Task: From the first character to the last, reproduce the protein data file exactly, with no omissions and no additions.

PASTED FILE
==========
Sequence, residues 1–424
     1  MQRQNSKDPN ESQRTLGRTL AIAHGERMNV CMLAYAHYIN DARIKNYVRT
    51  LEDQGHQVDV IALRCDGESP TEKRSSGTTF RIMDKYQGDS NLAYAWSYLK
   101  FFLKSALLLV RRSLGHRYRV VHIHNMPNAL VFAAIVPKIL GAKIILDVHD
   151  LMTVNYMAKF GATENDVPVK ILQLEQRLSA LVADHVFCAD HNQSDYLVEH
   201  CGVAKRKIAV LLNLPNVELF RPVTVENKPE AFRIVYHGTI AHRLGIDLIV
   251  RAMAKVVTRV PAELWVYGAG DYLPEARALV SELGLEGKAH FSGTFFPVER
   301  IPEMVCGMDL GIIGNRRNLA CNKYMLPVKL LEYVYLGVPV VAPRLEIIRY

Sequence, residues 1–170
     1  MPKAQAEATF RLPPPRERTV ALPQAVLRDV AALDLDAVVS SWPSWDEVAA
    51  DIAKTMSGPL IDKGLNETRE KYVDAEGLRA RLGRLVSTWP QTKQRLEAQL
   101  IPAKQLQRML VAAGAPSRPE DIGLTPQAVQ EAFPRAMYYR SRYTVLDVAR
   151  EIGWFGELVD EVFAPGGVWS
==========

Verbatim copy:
Sequence, residues 1–424
     1  MQRQNSKDPN ESQRTLGRTL AIAHGERMNV CMLAYAHYIN DARIKNYVRT
    51  LEDQGHQVDV IALRCDGESP TEKRSSGTTF RIMDKYQGDS NLAYAWSYLK
   101  FFLKSALLLV RRSLGHRYRV VHIHNMPNAL VFAAIVPKIL GAKIILDVHD
   151  LMTVNYMAKF GATENDVPVK ILQLEQRLSA LVADHVFCAD HNQSDYLVEH
   201  CGVAKRKIAV LLNLPNVELF RPVTVENKPE AFRIVYHGTI AHRLGIDLIV
   251  RAMAKVVTRV PAELWVYGAG DYLPEARALV SELGLEGKAH FSGTFFPVER
   301  IPEMVCGMDL GIIGNRRNLA CNKYMLPVKL LEYVYLGVPV VAPRLEIIRY

Sequence, residues 1–170
     1  MPKAQAEATF RLPPPRERTV ALPQAVLRDV AALDLDAVVS SWPSWDEVAA
    51  DIAKTMSGPL IDKGLNETRE KYVDAEGLRA RLGRLVSTWP QTKQRLEAQL
   101  IPAKQLQRML VAAGAPSRPE DIGLTPQAVQ EAFPRAMYYR SRYTVLDVAR
   151  EIGWFGELVD EVFAPGGVWS